Aereo wrote on Twitter last week that it was delaying Chromecast support until June 4 “to work out a few kinks.” Make that June 5 then: the Aereo app is live now on the Google Play store. The move adds another significant Aereo player to a lineup that includes browsers for Windows PCs, Linux PCs and Macs, iOS devices, Apple TV and Roku set-top boxes.
If you have a Chromecast dongle, you live in an Aereo coverage area and you’re willing to pay the company’s monthly subscription fee ($8 for 20 hours of DVR space, $12 for 60 hours and the option to record two shows at once), you can connect online to Aereo’s local antenna bank to receive and record live broadcast TV. There’s no additional subscription fee — Aereo handles all storage of recordings on its end and you don’t need to have an existing cable subscription to view the antennae-captured shows.
The catch — and this is why signing up today isn’t risk-free — is that Aereo is smack in the midst of a momentous Supreme Court battle, squaring off with indignant broadcast companies for its right to exist. Since Aereo streams over-the-air content it intercepts via antennas — each the size of a dime and leased to one user — it claims it’s doing nothing you couldn’t yourself, and thus it owes broadcast companies nothing.
The broadcast companies (naturally) disagree. They claim Aereo is in violation of federal copyright law. At issue is whether Aereo’s service qualifies as a public or private performance: if SCOTUS deems it public, Aereo’s in trouble, whereas if it’s deemed a series of private transmissions, the company may be able to continue unperturbed.
A ruling is expected any day now.
Using Netflix will not always involve scrolling through endless lists of movies served up by genre or because you watched one episode of Buffy the Vampire Slayer last summer. A Netflix executive says in the future, the streaming service may not throw hundreds of choices at people all at once.
During a keynote speech during an Internet Week event in New York, Chief Product Officer Neil Hunt said Netflix was going to focus on developing more personal recommendations to help alleviate the paradox of choice users feel when trying to sift through thousands of movies and TV shows. “You won’t see a grid and you won’t see a sea of titles,” Hunt said. The company could automatically serve users three or four viewing options based on their tastes. Still, Hunt said it was “somewhat unrealistic” to believe Netflix would ever deliver a completely linear, algorithm-driven experience, the way Pandora does with music.
Netflix has already been experimenting with more efficient recommendations. The company last year introduced Max, a recommendation assistant that serves users up a single movie after they answer a few questions about their mood. Netflix is also working to improve its recommendation algorithm to better tease out what emotional elements people like about certain shows instead of just offering suggestions based on genre or actor.
At TIME, we’re still hoping Netflix heeds our suggestion and allows for user-generated playlists of its content, so people can mix and match television episodes the same way they assemble mixtapes. Such a feature could yield lists that are actually useful.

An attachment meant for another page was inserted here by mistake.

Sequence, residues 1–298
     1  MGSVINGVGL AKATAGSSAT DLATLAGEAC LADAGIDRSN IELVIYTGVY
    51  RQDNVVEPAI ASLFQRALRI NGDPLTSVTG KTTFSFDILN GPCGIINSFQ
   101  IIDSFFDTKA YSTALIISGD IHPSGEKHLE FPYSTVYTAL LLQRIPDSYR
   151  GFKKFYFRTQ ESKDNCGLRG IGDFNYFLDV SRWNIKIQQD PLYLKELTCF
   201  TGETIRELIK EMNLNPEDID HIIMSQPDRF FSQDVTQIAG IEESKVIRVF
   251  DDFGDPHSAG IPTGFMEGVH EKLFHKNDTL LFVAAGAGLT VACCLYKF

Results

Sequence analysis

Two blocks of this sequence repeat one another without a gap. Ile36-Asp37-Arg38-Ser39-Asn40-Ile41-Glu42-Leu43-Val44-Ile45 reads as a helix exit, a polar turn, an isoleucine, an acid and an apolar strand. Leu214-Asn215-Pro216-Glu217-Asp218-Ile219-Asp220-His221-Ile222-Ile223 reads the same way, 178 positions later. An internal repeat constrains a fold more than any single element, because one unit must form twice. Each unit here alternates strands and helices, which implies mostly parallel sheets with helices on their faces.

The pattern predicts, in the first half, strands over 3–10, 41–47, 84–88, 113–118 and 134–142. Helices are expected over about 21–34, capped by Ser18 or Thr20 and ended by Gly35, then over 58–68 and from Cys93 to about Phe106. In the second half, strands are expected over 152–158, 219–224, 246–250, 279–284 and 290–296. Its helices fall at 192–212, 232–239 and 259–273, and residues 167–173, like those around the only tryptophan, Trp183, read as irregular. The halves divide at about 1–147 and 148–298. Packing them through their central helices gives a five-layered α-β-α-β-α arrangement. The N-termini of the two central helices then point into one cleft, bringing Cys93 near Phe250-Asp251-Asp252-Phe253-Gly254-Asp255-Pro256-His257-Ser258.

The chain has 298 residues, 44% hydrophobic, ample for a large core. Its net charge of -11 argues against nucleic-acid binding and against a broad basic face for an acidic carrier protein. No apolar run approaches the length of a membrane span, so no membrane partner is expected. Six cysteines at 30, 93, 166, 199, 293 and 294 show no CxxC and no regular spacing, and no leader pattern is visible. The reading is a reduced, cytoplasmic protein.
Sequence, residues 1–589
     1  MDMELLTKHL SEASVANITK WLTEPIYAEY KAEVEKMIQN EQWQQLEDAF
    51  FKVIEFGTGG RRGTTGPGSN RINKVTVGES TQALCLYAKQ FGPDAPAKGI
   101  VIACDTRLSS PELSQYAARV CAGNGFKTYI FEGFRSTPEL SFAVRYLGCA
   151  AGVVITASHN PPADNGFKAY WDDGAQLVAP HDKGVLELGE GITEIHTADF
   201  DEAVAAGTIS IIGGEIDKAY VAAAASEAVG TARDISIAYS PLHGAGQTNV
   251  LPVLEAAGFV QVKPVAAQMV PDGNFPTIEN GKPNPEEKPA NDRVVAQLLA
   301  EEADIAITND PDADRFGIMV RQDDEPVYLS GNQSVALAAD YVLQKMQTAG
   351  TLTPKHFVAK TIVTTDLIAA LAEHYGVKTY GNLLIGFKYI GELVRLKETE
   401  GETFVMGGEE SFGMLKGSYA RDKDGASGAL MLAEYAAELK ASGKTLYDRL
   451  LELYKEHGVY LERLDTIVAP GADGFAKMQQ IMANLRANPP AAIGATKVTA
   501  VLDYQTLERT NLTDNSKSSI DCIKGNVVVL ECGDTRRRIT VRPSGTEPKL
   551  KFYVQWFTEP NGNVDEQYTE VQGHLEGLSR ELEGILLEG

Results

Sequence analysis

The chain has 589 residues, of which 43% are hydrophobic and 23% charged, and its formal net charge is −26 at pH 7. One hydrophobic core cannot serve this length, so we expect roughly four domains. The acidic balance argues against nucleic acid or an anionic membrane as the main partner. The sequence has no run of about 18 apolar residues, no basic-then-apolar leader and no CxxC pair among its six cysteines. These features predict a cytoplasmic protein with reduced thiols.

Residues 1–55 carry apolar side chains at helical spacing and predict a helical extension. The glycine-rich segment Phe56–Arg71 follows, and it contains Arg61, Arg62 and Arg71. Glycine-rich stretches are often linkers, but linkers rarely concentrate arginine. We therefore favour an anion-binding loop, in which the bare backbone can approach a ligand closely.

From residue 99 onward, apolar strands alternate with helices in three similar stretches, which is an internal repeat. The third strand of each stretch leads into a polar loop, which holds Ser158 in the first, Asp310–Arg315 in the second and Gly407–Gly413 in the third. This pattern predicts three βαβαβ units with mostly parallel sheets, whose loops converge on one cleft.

Last month, I wrote that iOS was still the dominant mobile platform when it came to important apps. Actually, I did more than that: In my headline, I said that the smartphone app wars were over, and iOS had won. Some folks agreed with me, but plenty of others said I was being extreme.
Since I posted that piece, I’ve talked to lots of companies with apps, at home in San Francisco and at SXSW Interactive. Even more than usual, my brain has been attuned to obsess about their prioritization of iOS and Android. One of the companies I’ve chatted with lately — Cyberlink — has released Android versions of some of its multimedia apps, with the iOS editions following along a bit later. Another, PPLConnect, is Android-only for now, but it’s doing things with phone numbers and text messages that I don’t believe iOS permits.
In a few cases, iOS and Android apps shipped at the same time. But in every other instance, iOS came first.
This morning, United Airlines announced a cool-sounding system for streaming movies and TV shows for free on what it calls “your personal device.” But if that personal device happens to run Android, it’s a second-class citizen:
1. Download the latest United app from the iTunes® App Store if you’ll be using a mobile device. Laptops do not require the app. (Android™ and other mobile devices are not fully supported at this time.)
2. Charge your device fully.
Once you’re onboard, you’ll see two types of media. Some programs require a browser plug-in on your laptop or the latest United App on your Apple® iOS. This can be downloaded at any time during your flight without purchase of United Wi-Fi. Other programs can be watched through the United Portal on your browser with no plug-in or app required.
Again, I’m not claiming that the app situation on Android is terrible. It’s very solid overall, and (I really don’t need to mention this) radically better than that of any mobile operating system that isn’t iOS. Stuff such as United’s new offering generally arrives on Android sooner or later, and there are whole categories of apps — such as alternative keyboards — that are Android-only.
Much of the time, I’m an Android user myself, so I’m happy when something is available for Google’s operating system and sorry when it isn’t. But despite the fact that iOS’s market share is much smaller than that of Android, and has been for years, Apple devices are still nearly always first in line when a major company or hot startup has to decide where to allocate its development resources. That’s a dynamic that pundits keep telling us makes no sense — but it’s happening, and it’s an enormous competitive advantage for Apple. Sounds like a victory to me.